In a preferred embodiment the inner packaging is configured such that it has a closed position in which the ammunition is firmly held in the longitudinal direction and in the radial direction and such that it can be changed over to a manipulating position in which the ammunition holding mechanism is released and the ammunition can be pulled out of the inner tube or out of the inner packaging. It should also be possible to reverse the procedure. For example, it should be possible to introduce the ammunition into the inner packaging when the inner packaging is in the manipulating position, and it should then be possible to change the inner packaging over into a closed position in order to firmly hold the ammunition.
A further preferred development is distinguished by the fact that the interspace between the inner tube and the outer container is filled with an absorption material. This absorption material on the one hand is used for thermal insulation purposes and on the other increases safety against the penetration of small-calibre ammunition. The ammunition container can therefore also be exposed to comparatively high temperatures or be fired on without the packaged ammunition directly suffering damage.
The ammunition container according to the invention may be provided on both sides with a hinged lid for practical use on a load-bearing standard pallet. The ammunition container is then—with appropriately adapted inner packaging elements—also suitable for transporting relatively small projectiles, which can be introduced into a container two at a time from both sides.
In a preferred embodiment the palletized ammunition containers are provided with a common bottom plate and cover plate. In this case the ammunition containers are held together by the bottom plate and the cover plate as well as further aids which may be provided, such as bands.
The invention is illustrated in detail in the following on the basis of embodiments and with the aid of the drawings, in which only the elements which are essential for an understanding of the invention are diagrammatically illustrated and in which:
FIG. 1 is a longitudinal section through an ammunition container according to the invention without inner packaging;
FIG. 2 is a view of an upper stacking face of the ammunition container;
FIG. 3 is a front view of the lid region;
FIG. 4 is a vertical section through the ammunition container along the lines A—A and B—B in FIG. 1;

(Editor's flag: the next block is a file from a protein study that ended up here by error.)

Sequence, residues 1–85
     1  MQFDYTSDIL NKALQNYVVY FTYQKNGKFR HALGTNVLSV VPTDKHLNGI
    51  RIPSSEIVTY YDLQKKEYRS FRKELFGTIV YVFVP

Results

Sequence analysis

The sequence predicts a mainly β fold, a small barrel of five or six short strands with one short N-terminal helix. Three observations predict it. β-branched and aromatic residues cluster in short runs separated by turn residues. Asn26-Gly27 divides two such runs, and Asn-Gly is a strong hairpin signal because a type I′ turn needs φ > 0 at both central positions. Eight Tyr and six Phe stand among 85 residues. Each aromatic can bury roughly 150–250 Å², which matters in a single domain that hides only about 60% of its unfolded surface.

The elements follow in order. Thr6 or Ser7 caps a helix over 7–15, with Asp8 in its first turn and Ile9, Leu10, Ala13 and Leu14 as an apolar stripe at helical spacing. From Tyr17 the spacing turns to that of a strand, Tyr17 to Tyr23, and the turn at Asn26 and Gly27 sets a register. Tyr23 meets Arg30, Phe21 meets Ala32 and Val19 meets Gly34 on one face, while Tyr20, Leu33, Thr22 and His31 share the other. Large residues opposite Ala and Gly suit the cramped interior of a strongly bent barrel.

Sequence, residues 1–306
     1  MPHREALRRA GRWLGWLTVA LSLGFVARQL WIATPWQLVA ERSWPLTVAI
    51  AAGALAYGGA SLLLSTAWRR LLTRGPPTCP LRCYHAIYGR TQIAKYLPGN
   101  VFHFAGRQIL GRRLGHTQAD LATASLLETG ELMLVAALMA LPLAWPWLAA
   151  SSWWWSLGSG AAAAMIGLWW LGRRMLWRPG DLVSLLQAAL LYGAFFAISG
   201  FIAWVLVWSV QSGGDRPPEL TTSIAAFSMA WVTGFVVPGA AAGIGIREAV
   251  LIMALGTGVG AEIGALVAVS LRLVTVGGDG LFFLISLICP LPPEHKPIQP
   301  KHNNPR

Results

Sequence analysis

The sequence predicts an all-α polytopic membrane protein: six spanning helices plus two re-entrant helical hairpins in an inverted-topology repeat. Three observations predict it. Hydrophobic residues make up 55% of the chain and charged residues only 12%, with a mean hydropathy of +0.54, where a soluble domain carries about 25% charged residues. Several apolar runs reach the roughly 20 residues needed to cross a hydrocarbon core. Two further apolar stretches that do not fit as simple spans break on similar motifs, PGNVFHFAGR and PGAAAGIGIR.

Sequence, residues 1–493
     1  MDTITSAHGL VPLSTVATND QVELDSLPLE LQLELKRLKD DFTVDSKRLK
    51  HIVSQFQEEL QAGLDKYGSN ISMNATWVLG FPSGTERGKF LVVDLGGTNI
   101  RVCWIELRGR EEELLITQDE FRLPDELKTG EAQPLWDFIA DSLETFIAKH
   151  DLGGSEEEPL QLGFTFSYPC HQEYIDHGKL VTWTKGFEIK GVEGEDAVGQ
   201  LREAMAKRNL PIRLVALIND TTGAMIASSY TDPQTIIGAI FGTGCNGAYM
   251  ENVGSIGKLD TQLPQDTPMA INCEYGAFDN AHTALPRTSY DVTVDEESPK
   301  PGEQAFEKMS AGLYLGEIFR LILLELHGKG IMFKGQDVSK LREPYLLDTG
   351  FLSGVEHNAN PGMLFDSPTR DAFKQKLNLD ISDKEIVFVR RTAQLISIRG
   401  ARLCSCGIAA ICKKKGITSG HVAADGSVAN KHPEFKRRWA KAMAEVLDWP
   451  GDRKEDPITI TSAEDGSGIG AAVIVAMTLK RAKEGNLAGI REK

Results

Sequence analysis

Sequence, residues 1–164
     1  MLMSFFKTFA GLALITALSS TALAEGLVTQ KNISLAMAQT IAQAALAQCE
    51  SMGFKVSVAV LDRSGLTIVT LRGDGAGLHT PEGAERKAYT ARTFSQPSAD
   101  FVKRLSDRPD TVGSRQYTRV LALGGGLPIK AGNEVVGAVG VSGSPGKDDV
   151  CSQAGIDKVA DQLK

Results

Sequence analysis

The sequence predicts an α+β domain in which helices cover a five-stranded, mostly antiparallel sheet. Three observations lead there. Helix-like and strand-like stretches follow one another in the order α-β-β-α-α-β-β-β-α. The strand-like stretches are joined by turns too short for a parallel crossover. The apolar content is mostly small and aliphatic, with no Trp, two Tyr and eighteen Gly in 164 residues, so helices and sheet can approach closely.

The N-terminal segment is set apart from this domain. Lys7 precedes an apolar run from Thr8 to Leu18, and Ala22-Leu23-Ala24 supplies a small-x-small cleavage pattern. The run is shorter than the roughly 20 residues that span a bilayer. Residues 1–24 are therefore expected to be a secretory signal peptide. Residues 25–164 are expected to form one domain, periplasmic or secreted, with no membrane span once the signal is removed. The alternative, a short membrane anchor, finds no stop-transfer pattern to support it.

FIG. 5a is a longitudinal section through an inner packaging with ammunition;
FIG. 5b is a partial view of a longitudinal section through the inner packaging in a closed position;
FIG. 5c is a further partial view of a longitudinal section through the inner packaging in a manipulating position;
FIG. 6a is a partial view of the feed opening of the inner packaging in a longitudinal section;
FIG. 6b is a detail view of the feed opening with a band.
In FIG. 1 the reference number 1 indicates an ammunition container according to the invention, which is loaded with ammunition 7. An inner packaging 8 with packaging elements 9 to 13 (according to FIG. 5a) is provided in order to hold the ammunition 7 in the ammunition container 1 along its longitudinal axis 24 in a supported manner. These packaging elements include an insert 10, which is placed over a projectile nose 7 a. The ammunition 7 is also centered relative to the longitudinal axis 24 and aligned longitudinally by a distance sleeve 11 and a support ring 12. The ammunition 7 is surrounded over the entire length by a packaging sleeve 9 consisting, for example, of cardboard, a foamed plastics material or rubber. The packaging sleeve 9 is closed in the region of the ammunition nose 7 a by a seamed-on sleeve bottom 13.
Packaged in this way, the ammunition 7 is placed in the ammunition container 1 according to the invention through a hinged lid 15 at the front side for transport and storage purposes. The ammunition container 1 consists of an inner tube 3, which is surrounded by a metallic outer container 2. In the preferred embodiment the inner tube 3 consists of steel of a thickness of 0.6 mm and, for reasons of weight, the outer container 2 consists of aluminium of a wall thickness of 2.5 mm. The inner tube 3 is closed by a tube bottom 5 and the outer container 2 by a container bottom 4.